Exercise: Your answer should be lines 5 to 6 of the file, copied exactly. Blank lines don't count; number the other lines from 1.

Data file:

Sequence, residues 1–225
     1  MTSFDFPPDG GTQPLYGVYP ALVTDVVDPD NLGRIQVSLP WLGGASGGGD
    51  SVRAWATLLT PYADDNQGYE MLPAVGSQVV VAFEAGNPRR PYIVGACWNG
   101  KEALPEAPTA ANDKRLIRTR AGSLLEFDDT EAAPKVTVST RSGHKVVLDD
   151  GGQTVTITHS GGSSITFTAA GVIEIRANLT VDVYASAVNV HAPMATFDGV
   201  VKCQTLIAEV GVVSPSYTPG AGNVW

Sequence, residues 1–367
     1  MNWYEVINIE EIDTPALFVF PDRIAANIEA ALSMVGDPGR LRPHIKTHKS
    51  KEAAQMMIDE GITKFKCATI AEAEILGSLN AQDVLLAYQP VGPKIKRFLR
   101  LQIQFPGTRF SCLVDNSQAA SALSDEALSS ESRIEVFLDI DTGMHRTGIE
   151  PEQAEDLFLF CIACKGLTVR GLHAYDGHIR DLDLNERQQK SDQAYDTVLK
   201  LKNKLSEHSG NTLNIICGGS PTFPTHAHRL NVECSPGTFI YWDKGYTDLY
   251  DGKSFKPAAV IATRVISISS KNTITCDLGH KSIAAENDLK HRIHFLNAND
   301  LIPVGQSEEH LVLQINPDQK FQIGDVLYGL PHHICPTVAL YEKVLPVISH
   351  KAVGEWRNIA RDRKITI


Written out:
   151  GGQTVTITHS GGSSITFTAA GVIEIRANLT VDVYASAVNV HAPMATFDGV
   201  VKCQTLIAEV GVVSPSYTPG AGNVW